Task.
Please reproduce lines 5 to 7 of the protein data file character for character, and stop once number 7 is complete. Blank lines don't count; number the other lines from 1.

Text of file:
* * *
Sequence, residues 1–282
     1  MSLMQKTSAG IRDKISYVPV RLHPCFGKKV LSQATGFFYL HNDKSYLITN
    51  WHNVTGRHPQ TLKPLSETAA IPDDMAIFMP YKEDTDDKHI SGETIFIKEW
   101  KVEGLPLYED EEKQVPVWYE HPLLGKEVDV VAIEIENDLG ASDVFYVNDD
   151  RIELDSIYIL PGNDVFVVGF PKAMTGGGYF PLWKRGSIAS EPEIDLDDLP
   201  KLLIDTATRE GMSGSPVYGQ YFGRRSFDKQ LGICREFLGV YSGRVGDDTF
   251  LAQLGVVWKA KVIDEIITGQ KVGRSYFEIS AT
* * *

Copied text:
   151  RIELDSIYIL PGNDVFVVGF PKAMTGGGYF PLWKRGSIAS EPEIDLDDLP
   201  KLLIDTATRE GMSGSPVYGQ YFGRRSFDKQ LGICREFLGV YSGRVGDDTF
   251  LAQLGVVWKA KVIDEIITGQ KVGRSYFEIS AT